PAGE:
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THE POSSIBLE INFLUENCE OF
LXX EXODUS 20:11 ON ACTS 14:15
THOMAS B. SLATER
A number of recent commentators have noted that in Acts
14:15, Luke does not mention Jesus as the content of the gospel, but
instead mentions God the Creator as that content.1 Some
interpreters, such as E. Haenchen, have also observed that Acts
14:15b contains a quotation from LXX Exod 20:11.2 However, no
one, so far as I can tell, has investigated the theological affinity
between the two verses. To do so is the purpose of this brief study.
In short, my suggestion is that Acts 14:15 quotes LXX 20:11 as
a validation of the Gentile mission. This mission as a fulfillment of
the divine plan is, of course, a major theme of Luke Acts (cf. e.g.,
Acts 13:44-52 and 28:28).
Exod 20:11, like Acts 14, refers to God as the Creator of the
world. In fact, it contains the only reference to an act of God within
the context of the Decalogue. As such, it could have been consid-
ered an ideal text for first-century Gentile Christians to use in
demonstrating that the Creator God included all humanity when
gave the Torah to Moses on
revealed himself to the Jews, He did so with an understanding that
ultimately the entire human race would obey the Torah. Both Rev
7:4-9 and Rom 9-11 appear to convey expectation.
Acts 14:15b is almost a verbatim quotation of the correspon-
ding line in LXX Exod 20:11. The only difference is that hos in Acts
1 For example, F. F. Bruce, The Book of Acts, rev. ed. (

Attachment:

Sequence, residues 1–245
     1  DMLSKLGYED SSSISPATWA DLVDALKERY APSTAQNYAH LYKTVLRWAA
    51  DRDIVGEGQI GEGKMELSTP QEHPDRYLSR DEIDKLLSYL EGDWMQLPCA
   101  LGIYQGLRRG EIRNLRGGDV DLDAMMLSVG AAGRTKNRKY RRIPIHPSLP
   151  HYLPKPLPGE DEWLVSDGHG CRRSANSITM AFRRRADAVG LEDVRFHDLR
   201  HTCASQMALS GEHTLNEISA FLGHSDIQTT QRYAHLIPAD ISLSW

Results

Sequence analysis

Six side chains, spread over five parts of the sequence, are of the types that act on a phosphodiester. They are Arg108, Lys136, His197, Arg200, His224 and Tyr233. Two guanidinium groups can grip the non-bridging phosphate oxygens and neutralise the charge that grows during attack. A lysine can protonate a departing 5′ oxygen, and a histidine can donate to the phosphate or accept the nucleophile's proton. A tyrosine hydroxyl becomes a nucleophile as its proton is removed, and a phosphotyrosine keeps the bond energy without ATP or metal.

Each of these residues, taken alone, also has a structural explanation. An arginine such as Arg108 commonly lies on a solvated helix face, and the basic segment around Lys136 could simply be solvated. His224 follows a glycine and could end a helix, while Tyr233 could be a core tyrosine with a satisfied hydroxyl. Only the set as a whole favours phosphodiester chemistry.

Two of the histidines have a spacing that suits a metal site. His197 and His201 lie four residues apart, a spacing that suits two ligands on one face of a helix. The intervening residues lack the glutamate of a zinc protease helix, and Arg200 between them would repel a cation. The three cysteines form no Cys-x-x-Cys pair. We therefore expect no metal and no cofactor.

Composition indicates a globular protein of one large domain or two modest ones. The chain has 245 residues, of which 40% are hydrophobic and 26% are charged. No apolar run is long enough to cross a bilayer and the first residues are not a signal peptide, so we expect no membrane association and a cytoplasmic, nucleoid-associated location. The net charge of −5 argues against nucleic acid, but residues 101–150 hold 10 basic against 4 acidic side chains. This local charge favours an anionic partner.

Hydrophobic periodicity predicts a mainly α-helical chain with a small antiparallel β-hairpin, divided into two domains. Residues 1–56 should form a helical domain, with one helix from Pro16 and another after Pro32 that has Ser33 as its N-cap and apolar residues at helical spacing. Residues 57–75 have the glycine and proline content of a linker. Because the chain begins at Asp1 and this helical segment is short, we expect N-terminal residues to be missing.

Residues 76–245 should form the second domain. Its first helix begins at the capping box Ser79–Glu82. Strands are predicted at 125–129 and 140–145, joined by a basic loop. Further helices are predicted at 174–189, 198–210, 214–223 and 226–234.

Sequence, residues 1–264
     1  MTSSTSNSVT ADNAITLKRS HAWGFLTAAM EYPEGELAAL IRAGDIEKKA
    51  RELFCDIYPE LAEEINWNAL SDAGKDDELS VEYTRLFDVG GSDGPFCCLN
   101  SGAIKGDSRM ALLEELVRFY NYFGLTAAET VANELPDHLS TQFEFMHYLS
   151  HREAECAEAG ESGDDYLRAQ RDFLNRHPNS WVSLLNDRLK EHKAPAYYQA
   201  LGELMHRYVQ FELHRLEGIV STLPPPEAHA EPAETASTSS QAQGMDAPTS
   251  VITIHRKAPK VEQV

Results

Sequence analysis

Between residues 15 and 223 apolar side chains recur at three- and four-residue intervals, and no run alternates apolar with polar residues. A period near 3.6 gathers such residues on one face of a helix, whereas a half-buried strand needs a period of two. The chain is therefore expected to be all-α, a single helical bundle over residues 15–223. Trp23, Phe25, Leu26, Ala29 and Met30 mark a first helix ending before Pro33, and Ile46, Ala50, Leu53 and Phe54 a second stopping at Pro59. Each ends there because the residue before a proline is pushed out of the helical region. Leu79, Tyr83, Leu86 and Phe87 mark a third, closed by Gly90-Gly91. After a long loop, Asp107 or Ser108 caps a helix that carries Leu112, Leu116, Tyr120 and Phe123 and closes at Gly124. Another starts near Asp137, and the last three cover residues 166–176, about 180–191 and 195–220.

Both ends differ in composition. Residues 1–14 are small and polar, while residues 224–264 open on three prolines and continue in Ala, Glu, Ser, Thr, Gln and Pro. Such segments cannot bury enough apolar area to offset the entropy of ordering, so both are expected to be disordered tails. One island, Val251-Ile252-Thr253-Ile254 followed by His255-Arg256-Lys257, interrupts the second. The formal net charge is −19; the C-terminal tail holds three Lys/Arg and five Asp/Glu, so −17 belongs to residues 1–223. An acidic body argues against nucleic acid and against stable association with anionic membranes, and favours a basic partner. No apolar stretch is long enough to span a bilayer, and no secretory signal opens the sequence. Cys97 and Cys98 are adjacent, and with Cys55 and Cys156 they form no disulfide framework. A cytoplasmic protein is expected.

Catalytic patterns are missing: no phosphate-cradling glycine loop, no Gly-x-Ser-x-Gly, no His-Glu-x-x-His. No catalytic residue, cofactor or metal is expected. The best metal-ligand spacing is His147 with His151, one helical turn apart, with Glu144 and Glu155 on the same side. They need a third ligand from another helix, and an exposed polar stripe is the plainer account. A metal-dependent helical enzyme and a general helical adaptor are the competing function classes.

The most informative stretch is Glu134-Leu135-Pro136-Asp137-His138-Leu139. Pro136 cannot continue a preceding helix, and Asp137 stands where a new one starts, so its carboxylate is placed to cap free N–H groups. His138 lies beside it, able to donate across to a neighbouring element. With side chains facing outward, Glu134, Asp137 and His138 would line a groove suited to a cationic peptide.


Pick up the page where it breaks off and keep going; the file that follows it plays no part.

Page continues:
275-278; F. J. Foakes Jackson and
Christianity: The Acts of the Apostles, vol. 4, English Translation and Commentary, by F. J.
The Acts of the Apostles (Oxford: Basil Blackwell, 1971), 431; W. Neil, Acts (Grand
Rapids: Eerdmans, 1981), 164-165.
2 Haenchen, 428; cf. Bruce, 276.
15 THOMAS B. SLATER
replaces kurios in Exodus. This change could result from the gram-
matical syntax and/or from the writing style of the author. The
author has "God" in the main clause as the antecedent and there-
fore the subordinate clause reads better with the relative pronoun.
There is a similar passage in LXX Ps 145:6, but there the verb
is an aorist active participle, whereas the verb in both LXX Exod
20:11 and Acts 14:15 is an aorist active indicative. Thus on purely
literary grounds, the quotation in Acts 14:15 appears more closely
related to the Decalogue passage than to LXX Ps 145:6.
Acts 14:15b tends to support M. Dibelius' contention that the
speeches in Acts are for the reader rather than for the participants
in the story? They do not, for example, contain a quotation
formula by the speaker (cf. Acts 2:16 and 23:5b). The use of Exod
20:11 in Acts 14:15 would have had the intent of conveying to the
reader the immutable plan of God. Specifically, by quoting the
Decalogue, the text in Acts 14 associates the giving of the Torah
with the mission to the Gentiles. The intent of the author might
well have been to convey to the reader the concept that the same
God who gave Moses the Ten Commandments and established a
mission, a new people of God, the Church, as part of the divine
plan (see 15:7-11 and 15:13-21). Indeed, Luke-Acts concludes with
God's calling a new people from among the Gentiles because the
Jews had rejected the Christian gospel (28:26-29; cf. 14:19).
Acts 14:15b is an integral part of the agenda of Acts 13-15, the
narrative of the first missionary journey and of its acceptance by
missionary journey of Paul was ordained by God, and that the
results of the mission--the persecution from the Jews (e.g., 13:32-
41, 46, 50; 14:1, 19; cf. 14:22) and the positive reception by the
Gentiles (13:46-47; 14:8-18, 21-28; 15:7-11, 13-21; cf. 14:21 and
15:3)--also were ordained by God. Thus, the quotation from LXX
Exod 20:11 tells the reader that the Creator God, who gave the
a new people, the Christians, from among the Gentiles (cf. 28:26-29).
3 M. Dibelius, Studies in the Acts of the Apostles, ed.
H. Greeven (
1956), 4-11; see also, Bruce, 276-277 and 332-342; B. Gartner, "Paulus and Barnabas
in Lystra: Zu Apg 14, 8-15" Svensk exegetisk arsbok 27 (1962): 83-88; see also, J. T.
Sanders, The Jews in Luke-Acts (Philadelphia: Fortress Press, 1987), 54-56.
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